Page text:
- The application will also use API provided by Weather Underground which will require you to sign up for a free developer API Key (limited to 500 requests per day I believe). Don’t worry this is very simple and will be covered in the recipe.
- The source code to this recipe is available online through GitHub, and it may help to check it out when working through this tutorial.
- You have basic knowledge of Objective-C and Foundation.
- You are familiar with NSArray and NSDictionary.
What Are Literals?
Literals in programming refer to constant values that can be directly written out in source code.
"dog food" //C string literal
@"dog food" //Obj-C string literal
17 //integer literal
17.0f //float literal
The listing above shows a few common examples of literals you probably use frequently.
- You have enough familiarity with UIKit and Xcode to create projects and UIViews. If not, consider starting with Recipe 1 and reviewing Familiarizing Yourself With Xcode
Even the slightest drop shadow here and there can dramatically improve the look of your application’s UI, but at what cost?
Everyone wants to make their app look unique! Well the UIAppearance protocol can help you! In iOS 5.0 Apple introduced the UIAppearance proxy API which allows you the developer to customize many of the appearance aspects of UIKit elements. I know what you’re thinking… Can’t I already do that? Well sure, but not on the same scale as UIAppearance will allow, and furthermore, changing the appearance of UI components on a per object basis gets really old, really fast.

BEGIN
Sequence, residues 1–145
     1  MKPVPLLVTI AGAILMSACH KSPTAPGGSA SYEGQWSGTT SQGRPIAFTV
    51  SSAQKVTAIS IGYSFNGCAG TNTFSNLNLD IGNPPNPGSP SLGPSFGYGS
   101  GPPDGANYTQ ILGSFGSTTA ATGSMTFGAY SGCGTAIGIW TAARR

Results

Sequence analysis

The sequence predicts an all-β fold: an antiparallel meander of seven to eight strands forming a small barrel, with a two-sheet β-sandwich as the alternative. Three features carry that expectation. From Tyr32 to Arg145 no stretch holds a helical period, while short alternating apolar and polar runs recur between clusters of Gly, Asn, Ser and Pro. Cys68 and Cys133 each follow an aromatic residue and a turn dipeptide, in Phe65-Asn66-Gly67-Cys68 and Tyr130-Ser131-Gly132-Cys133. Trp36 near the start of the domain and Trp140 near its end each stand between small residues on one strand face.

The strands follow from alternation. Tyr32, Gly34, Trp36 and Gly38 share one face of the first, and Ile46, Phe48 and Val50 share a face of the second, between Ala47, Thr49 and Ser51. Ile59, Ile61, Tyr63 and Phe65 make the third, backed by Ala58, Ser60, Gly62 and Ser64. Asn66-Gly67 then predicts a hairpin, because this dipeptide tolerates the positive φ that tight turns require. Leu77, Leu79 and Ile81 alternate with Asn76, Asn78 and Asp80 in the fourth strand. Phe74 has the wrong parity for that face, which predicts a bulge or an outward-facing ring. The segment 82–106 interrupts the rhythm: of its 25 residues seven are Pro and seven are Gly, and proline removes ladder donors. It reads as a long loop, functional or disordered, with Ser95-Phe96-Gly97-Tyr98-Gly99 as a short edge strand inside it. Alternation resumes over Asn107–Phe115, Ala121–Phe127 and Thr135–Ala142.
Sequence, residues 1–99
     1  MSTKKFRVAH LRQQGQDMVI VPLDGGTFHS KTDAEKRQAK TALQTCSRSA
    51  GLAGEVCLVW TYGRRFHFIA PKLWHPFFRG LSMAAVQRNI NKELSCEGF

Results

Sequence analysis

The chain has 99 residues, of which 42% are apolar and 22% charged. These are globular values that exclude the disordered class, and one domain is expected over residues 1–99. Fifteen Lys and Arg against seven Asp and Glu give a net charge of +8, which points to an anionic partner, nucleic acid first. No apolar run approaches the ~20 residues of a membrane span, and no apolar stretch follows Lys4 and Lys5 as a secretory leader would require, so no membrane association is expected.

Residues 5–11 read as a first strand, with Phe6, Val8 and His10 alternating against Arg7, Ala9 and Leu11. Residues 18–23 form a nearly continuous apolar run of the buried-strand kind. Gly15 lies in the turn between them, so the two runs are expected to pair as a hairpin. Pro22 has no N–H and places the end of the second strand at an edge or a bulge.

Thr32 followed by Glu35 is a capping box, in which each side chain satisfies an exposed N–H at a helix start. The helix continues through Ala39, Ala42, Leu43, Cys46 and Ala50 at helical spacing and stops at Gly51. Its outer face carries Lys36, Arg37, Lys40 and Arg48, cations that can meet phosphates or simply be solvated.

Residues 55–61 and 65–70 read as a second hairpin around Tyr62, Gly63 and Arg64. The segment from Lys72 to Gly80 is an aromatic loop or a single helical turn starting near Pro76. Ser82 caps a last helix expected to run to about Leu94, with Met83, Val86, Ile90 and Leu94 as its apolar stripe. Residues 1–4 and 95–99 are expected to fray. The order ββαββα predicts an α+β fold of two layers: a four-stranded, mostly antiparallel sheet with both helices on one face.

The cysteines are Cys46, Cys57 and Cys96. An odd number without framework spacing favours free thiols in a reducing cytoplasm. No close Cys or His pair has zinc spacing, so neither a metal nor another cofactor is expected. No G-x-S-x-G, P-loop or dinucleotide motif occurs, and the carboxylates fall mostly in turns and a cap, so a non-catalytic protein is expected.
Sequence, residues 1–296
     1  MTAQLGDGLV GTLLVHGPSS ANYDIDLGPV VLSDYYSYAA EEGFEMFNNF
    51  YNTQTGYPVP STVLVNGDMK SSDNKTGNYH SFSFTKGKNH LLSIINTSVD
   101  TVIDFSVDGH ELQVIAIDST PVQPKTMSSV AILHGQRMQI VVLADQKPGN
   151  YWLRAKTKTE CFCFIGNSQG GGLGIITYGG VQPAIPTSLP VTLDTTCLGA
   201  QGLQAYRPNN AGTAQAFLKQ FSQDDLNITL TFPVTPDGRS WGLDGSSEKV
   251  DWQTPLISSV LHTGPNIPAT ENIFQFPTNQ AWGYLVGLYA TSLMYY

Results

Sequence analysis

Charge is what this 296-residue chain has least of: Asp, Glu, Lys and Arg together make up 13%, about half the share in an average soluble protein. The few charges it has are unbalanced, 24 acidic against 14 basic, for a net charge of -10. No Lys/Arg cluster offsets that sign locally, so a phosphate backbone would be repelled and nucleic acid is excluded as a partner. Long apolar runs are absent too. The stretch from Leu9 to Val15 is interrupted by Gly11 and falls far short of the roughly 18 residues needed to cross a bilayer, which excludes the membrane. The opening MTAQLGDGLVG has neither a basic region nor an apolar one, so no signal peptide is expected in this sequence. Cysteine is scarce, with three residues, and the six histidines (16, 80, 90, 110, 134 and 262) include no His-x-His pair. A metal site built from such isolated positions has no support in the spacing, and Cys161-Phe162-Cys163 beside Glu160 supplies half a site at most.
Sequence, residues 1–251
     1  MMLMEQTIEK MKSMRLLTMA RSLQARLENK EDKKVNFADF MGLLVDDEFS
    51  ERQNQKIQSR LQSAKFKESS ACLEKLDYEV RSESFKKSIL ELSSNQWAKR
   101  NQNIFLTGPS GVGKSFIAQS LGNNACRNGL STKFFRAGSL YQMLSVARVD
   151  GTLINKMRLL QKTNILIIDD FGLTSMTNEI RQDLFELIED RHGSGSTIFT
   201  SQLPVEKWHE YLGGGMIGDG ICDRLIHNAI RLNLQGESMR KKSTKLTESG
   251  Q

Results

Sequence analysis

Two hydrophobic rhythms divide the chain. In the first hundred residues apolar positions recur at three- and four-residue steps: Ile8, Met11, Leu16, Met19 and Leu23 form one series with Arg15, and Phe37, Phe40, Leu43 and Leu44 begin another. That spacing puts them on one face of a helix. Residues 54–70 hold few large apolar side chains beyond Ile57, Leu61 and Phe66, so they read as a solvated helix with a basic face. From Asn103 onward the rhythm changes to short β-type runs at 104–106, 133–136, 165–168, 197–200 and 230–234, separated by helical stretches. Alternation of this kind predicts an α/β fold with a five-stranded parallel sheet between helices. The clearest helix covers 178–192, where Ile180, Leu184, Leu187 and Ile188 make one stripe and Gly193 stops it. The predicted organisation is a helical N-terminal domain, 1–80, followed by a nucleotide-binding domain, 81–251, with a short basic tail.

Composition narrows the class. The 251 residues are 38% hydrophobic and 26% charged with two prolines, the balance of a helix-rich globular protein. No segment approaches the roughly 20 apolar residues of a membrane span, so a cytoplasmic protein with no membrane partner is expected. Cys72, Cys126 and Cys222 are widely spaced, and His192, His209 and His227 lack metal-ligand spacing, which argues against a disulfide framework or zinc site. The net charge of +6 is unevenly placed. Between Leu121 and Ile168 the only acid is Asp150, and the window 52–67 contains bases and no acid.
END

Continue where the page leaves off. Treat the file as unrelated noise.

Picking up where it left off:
So let’s dive into an example right quick…
Say you have an app with a UINavigationBar and you want something other than the default background color (tint color). You would probably try something similar to the following
Then you decide another part of your app needs a navigation bar and you end up writing the same code to change the background color for that one as well. This continues as time goes on and before long you end up with an unmanageable mess, leaving you sad and depressed wishing there was a better way… enter UIAppearance…
Creating a custom UIView using a Nib
- You are familiar with creating UIView subclasses, and instantiating UIView’s both from a Nib file or in code
- You are familiar with Nib files
Sometimes you find yourself trying to create a quick composite UIView (UIView subclass w/ multiple subviews) where a UIViewController doesn’t seem necessary Please note that a UIViewController is the right choice most of the time. This can be a real pain to setup entirely in code if you have many subviews, and god forbid if you want to use auto layout! So you may find yourself wanting to use a nib to simplify things a bit, well this tutorial will go through the process of doing just that.
- Create a new Xcode project based on the single view application template for iOS. This tutorial will assume you are using ARC, so you may want to make that selection when creating the new project.
- Once you have created the new project a new UIView subclass to the project and name it CustomView.
- Then create a new Nib file named CustomView.nib and add it to the project.